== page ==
The next thought was that it corresponded to background tabs which are lazily loaded, i.e. the page is not actually loaded from the internet until you bring that tab to focus. But no, it was not even this. Even after several visits some tabs stayed with dark background.

No amount of searching on the internet helped at that time and I had to calm myself down and let go off the quest for this eternal answer. Finally today I gave it another shot with some variations in search strings and I landed on this page which lists all the changes in version 7.0. Here I started searching for any bug related to tabs and finally got the right bug. This bug states the purpose of differential background color in the tabs list.

As the bug states, the dark colored (highlighted) tabs are the ones which are currently displayed on the screen in the tab bar and the light colored ones are scrolled off the screen (horizontally). The rationale is that, this will make it very easy to figure out where a particular tab that you are looking for is, in case you are confused about it's position.
I am yet to see the feature being actually useful. Nevertheless, for the moment I am happy that I know what the feature does. :)

Monday, October 3, 2011

Watch points for variables in Ruby - Object#freeze

Almost every programmer knows about watch points. Especially the ones doing native development with C/C++. Watch points were really helpful to me when I was working with C/C++. They were, sort of, my go to weapons whenever I wanted to understand how some third party code worked. It was something that I dearly missed when I started with Ruby. I am fairly new to Ruby and I have never used the ruby-debug (or ruby-debug19) gem, because until today simple print statements were sufficient most of the times.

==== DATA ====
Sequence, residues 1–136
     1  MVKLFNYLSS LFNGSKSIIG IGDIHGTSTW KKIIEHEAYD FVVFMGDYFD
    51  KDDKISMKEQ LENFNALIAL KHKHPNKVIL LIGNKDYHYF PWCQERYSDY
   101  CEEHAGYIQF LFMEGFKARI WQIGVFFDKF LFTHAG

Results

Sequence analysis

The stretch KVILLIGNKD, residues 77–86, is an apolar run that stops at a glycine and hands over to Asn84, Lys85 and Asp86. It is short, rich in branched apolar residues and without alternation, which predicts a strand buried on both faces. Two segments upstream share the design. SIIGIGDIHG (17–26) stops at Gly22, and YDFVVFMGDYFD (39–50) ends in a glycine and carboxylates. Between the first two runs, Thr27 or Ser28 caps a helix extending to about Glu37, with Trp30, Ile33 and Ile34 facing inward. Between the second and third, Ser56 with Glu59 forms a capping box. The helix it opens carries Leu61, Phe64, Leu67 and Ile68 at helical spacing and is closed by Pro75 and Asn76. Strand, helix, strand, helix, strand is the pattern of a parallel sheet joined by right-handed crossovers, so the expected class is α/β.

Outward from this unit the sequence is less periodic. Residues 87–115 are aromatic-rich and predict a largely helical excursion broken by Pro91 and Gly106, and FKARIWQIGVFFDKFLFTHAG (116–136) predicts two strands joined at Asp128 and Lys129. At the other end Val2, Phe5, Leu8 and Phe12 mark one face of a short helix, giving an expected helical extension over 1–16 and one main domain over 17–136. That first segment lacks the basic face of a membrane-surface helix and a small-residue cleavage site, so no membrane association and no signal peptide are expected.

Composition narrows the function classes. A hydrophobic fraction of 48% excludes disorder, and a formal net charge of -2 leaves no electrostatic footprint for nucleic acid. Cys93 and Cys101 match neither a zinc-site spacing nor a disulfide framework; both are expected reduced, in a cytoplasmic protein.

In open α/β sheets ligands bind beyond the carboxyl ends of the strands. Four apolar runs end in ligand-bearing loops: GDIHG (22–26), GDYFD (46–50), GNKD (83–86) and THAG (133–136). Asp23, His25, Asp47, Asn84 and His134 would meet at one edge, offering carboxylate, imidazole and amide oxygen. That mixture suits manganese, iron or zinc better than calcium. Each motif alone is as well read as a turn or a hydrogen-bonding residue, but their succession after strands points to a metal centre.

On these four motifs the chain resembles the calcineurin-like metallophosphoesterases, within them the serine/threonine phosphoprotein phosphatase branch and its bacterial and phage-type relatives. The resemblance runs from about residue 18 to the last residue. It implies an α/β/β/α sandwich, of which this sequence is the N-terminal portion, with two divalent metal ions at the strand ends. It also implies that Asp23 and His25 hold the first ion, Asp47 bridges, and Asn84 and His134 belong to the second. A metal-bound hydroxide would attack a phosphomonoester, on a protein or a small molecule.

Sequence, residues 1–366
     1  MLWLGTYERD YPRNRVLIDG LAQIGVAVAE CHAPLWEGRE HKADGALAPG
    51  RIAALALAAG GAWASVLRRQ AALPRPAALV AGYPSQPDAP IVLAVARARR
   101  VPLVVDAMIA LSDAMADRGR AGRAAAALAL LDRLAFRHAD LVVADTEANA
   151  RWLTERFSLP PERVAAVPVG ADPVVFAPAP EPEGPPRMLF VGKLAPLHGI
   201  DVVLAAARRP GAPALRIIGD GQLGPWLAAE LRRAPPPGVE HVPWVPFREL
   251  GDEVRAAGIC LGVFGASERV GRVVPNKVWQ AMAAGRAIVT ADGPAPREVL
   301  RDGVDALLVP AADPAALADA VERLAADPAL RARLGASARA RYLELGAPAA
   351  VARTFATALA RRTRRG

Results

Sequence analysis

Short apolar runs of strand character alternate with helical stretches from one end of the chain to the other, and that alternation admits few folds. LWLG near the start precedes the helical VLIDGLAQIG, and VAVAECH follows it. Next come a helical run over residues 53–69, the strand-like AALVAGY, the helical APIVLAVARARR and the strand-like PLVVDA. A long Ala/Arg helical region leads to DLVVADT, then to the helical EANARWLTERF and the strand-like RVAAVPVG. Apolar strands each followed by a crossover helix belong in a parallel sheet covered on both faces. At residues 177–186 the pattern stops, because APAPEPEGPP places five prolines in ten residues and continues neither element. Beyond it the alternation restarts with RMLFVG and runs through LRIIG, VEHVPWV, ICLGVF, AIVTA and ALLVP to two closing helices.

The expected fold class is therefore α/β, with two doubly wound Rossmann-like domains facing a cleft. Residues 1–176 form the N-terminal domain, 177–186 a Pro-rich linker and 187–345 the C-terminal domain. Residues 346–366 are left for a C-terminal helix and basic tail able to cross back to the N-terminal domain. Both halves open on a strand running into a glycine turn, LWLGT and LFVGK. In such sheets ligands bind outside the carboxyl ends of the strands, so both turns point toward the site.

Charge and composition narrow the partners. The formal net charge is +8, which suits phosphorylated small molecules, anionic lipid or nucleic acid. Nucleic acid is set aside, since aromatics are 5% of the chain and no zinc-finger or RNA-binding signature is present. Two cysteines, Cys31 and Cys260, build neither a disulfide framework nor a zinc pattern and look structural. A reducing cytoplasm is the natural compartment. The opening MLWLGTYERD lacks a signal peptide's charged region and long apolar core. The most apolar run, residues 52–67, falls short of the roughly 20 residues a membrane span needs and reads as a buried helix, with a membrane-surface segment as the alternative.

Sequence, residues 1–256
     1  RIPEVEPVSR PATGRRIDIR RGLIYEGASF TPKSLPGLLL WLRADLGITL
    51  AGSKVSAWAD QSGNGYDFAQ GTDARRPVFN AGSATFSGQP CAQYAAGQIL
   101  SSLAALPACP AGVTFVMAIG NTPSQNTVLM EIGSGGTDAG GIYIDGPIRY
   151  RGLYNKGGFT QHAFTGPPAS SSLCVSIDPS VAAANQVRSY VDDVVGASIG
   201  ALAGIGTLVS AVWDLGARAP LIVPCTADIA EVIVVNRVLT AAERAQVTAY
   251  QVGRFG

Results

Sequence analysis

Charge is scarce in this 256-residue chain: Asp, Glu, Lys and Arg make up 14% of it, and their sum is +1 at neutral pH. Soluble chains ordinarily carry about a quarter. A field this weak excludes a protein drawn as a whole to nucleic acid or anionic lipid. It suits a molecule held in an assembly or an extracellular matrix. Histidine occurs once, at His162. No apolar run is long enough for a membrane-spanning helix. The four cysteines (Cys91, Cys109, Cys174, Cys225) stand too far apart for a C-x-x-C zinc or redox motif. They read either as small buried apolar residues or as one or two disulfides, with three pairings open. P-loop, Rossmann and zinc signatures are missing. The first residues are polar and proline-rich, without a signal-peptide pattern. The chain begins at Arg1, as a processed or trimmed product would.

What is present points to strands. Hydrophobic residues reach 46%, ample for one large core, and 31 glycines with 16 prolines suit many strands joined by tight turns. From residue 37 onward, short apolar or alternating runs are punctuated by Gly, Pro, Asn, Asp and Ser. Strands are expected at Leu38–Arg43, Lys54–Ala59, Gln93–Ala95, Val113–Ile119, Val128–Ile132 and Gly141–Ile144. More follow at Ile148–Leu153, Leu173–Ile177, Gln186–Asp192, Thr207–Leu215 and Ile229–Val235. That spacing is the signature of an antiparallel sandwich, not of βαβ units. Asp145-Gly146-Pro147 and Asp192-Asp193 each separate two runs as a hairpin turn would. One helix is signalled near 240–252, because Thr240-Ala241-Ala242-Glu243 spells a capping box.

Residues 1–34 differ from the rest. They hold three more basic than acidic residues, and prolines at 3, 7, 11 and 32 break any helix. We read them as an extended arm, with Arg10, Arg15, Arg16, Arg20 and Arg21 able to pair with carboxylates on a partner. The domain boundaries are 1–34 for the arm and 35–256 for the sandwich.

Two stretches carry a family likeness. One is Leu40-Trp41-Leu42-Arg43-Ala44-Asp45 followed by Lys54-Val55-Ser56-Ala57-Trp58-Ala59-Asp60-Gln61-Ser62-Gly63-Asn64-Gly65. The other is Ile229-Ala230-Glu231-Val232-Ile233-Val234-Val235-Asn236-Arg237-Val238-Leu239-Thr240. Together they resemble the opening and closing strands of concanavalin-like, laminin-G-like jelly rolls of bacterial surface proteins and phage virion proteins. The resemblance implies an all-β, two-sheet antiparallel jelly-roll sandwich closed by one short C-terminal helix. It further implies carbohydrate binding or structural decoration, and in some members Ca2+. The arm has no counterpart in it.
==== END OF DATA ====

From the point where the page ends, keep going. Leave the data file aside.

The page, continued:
Today I was at a loss as I was unable to figure out where a particular hash variable was getting two new key-value pairs in it. It was an instance variable with just an attr_reader defined. So obviously a reference to the instance variable was being passed around to the place where it was being modified. So my initial idea of writing a custom write accessor method was probably not going to work (did not try it). That is when I came across this http://ruby-doc.org/docs/ProgrammingRuby/html/trouble.html#S3. The last bullet point in that section has the answer.

You just freeze the object/variable that you want to watch by calling the "freeze" instance method on that object and anyone modifying that object after it's frozen will cause an exception to be raised giving you the precise location of where that modification is happening. This isn't probably as elegant as running a debugger and setting a watch point but it gets the work done nevertheless. RTFM after all..!! This tool is definitely going into my belt. :)